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THE DIRECT PROOF OF THE AUTHENTICITY
OF THE NEW TESTAMENT,
ACTS XXVI. 26.
For the king knoweth of these things, before whom
also I speak freely; for I am persuaded that none of these things are hidden from him; for this thing was not done in a corner.
We offered in the last Lecture some general observations by which the argument for the authenticity of the New Testament might be brought down to the plainest understanding. The proofs on which those observations ultimately rest, together with other arguments in support of the same conclusion, are now to be adverted to. Our discourse will, therefore, be of a different character from the preceding ; though touching on many of the same topics. We then confined ourselves to a few remarks addressed to the common sense and
feelings of men. We now come to a more calm statement of some of the proofs which lie at the foundation of these appeals.
Let me beg your attention.
D UP STEP BY STEP FRO M THE PRESENT
1. The testimony to our sacred books can be TRACED UP STEP BY STEP FROM THE PRESENT TIME TO THE DAYS OF THE APOSTLES.
We asserted this in our general observations. How the proof stands will now be seen.
Let us take first our own country. No one can for an instant doubt that the books which we receive in the year 1828, as the genuine writings of the apostles, were so received 300 years before, at the period of Cranmer and Ridley, and the other reformers.
I go back a century and a half from that time, and ask whether they were not acknowledged just as universally in the days of John Wickliffe, in the fourteenth century, who translated these very books into the English language ? The fact is undeniable.
I ascend next to the time of Grosseteste, the celebrated Bishop of Lincoln, and the opponent of Pope Innocent III. in 1240; or to the days of Anselm, Archbishop of Canterbury under William Rufus, who wrote a treatise against those who mocked at the inspiration of the scriptures; and I ask, were not the same books universally admitted to be authentic then?
i Wickliffe died in the vear 1384.
I go up to the reign of Alfred the Great, who founded or restored the University of Oxford, and translated the Old and New Testament into Saxon, in the ninth century. I suppose the very fact of translating our books will be allowed as a proof of the admission of their genuineness.
I find myself next at the age of the Venerable English Presbyter Bede, born in the year 672, whose fame filled the whole Christian world, and who has left comments on the epistles of St. Paul;—from him we come to Gregory the Great in 590, who sent over Augustine and his companions for the conversion of our ancestors, on the footing of the authenticity of the scriptures. This brings us up to the reception of the books by the Christian churches on the Continent through Gregory, Theodoret, and Fulgentius, in the sixth century; St. Austin, Jerome, and Chrysostom, in the fifth; Ambrose, Athanasius, and Eusebius, of the fourth ; Cyprian, Origen, and Tertullian, of the third ; till we reach Irenæus, (from A. D. 97 to 202, who was the disciple of Polycarp, the follower of St. John.
Thus the testimony from the present time up to the very days of the apostles, is notorious to
all mankind, an unbroken chain, where each link is distinctly visible. In
And not only so, but several different series of testimonies may be traced up in the various countries of Christendom; each independent of the rest. One series in Italy, through Gregory up to Clement of Rome, in the first century. A second in France, through Hilary to Irenæus, Bishop of Lyon. A third in Africa, through Fulgentius, Austin, and Cyprian, to Clemens Alexandrinus and Tertullian.” A fourth in Syria, through Ephrem Syrus to Ignatius, Bishop of Antioch in 107. A fifth in Asia Minor, through Anatolius and Pamphilus to Polycarp, Bishop of Smyrna, martyred in 168. All these witnesses testify, not merely that they received our books from their immediate ancestors, but received them as the authentic writings of their respective authors, acknowledged in all the Christian churches from the age of the apostles, and acted upon from that very time, as the rule of faith and practice. The force of this testimony is irresistible to a fair and candid mind.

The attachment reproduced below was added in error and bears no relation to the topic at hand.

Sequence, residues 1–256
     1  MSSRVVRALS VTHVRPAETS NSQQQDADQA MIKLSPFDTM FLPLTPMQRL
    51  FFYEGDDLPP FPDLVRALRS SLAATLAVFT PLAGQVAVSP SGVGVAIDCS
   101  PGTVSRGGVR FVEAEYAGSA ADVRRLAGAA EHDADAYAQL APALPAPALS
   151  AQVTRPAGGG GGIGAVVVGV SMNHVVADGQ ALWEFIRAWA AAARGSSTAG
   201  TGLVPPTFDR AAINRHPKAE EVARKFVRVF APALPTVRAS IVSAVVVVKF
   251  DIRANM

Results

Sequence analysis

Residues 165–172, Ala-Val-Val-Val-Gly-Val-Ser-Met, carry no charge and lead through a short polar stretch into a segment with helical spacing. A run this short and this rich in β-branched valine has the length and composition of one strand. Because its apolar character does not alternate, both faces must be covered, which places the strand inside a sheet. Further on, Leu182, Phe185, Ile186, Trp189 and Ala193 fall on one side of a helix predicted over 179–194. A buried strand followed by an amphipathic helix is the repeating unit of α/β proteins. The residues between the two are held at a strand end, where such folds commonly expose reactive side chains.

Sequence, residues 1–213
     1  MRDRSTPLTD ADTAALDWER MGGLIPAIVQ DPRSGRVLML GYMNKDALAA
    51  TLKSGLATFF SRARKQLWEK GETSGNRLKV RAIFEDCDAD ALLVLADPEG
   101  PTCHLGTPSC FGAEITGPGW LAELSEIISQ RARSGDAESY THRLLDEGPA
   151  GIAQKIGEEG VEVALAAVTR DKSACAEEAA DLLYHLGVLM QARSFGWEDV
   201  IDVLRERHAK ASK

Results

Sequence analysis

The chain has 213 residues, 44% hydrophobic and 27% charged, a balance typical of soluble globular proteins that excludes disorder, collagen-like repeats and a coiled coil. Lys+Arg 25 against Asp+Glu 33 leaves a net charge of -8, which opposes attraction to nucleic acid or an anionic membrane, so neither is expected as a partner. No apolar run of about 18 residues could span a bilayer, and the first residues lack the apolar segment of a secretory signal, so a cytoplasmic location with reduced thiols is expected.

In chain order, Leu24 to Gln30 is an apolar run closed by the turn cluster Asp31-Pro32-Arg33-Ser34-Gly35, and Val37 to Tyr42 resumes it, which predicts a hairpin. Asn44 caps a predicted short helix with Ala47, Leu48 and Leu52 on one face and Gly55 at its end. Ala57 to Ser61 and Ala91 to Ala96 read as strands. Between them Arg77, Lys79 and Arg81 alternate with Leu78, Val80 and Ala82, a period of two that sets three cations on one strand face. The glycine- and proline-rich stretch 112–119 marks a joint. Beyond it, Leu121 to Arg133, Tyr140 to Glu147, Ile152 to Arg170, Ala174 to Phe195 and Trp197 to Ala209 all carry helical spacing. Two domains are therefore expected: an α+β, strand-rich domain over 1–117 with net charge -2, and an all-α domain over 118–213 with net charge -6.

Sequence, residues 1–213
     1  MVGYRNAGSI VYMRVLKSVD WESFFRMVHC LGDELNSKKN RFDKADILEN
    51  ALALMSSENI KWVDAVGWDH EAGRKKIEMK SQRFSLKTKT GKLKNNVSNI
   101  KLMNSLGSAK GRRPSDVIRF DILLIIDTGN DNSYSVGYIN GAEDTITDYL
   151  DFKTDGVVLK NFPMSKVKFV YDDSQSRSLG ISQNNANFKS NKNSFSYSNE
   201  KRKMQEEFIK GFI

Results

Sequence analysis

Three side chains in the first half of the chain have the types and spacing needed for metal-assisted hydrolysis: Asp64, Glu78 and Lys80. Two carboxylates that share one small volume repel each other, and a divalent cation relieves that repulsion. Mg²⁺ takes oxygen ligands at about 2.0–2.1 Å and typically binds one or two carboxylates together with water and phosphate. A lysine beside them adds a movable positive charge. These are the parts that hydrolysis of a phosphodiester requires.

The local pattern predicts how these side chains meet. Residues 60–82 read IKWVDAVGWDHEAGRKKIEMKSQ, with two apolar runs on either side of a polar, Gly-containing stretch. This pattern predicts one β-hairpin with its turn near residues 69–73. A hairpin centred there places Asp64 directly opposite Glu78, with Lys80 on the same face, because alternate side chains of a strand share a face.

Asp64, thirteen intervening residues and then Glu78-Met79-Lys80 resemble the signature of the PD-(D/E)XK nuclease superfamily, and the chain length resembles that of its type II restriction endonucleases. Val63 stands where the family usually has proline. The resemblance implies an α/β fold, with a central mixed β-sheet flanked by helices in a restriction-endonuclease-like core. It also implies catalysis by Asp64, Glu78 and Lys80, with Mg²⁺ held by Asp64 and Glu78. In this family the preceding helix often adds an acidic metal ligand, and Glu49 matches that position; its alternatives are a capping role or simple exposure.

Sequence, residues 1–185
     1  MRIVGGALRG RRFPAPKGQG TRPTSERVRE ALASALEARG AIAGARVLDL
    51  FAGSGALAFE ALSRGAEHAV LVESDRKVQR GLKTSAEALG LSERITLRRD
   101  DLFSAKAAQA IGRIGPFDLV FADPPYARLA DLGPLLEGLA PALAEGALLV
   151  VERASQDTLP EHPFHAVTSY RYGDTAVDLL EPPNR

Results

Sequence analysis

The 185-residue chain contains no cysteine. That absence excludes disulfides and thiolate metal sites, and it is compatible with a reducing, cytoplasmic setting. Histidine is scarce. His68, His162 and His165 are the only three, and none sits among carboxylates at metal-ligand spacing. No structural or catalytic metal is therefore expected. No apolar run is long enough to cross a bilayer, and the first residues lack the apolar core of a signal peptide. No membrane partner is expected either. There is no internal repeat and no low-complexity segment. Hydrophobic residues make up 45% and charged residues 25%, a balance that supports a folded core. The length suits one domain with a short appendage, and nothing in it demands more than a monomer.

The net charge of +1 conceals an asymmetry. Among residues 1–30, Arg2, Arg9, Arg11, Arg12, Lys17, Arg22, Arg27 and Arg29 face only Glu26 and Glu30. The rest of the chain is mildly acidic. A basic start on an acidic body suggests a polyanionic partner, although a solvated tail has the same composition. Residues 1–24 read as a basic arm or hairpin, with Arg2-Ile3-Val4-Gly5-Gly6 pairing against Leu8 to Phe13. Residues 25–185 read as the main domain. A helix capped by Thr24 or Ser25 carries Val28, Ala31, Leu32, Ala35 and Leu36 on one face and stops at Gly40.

. Born about the year 150. s See Lardner, Less, Michaelis, Paley, &c. for the authorities. To the same authors, and to the admirable and laborious T. H. Horne in particular, I refer for 'many of the materials which I have employed in the present and following Lectures.
II. But I proceed to notice the PROGRESS OF THE SETTLEMENT OF THE SACRED CANON, as a further proof of the authenticity of the New Testament.
For if we can discern care and discrimination in the reception of the books of the New Testament; if we find they were gradually admitted from deliberate conviction and as circumstances naturally called for a decision, we shall have a further ground of confidence in the testimonies we have adduced.
The twenty-seven books of the New Testament, composed by eight different authors, during a space of about sixty years,“ would require some considerable time to reach all the various churches in every part of the known world; especially considering the poverty of the first Christians, the state of persecution in which they frequently were placed, and the wars which separated kingdoms and nations.
In the fathers therefore of the first age who were contemporaries with the apostles, the references to these books are less formal and less numerous than in the succeeding ones, when education had entwined the language of the New Testament around all the habits and associations of thought in Christians. All the books
* The Gospel of St. Matthew was published about the year 38, the Revelation of St. John about 96.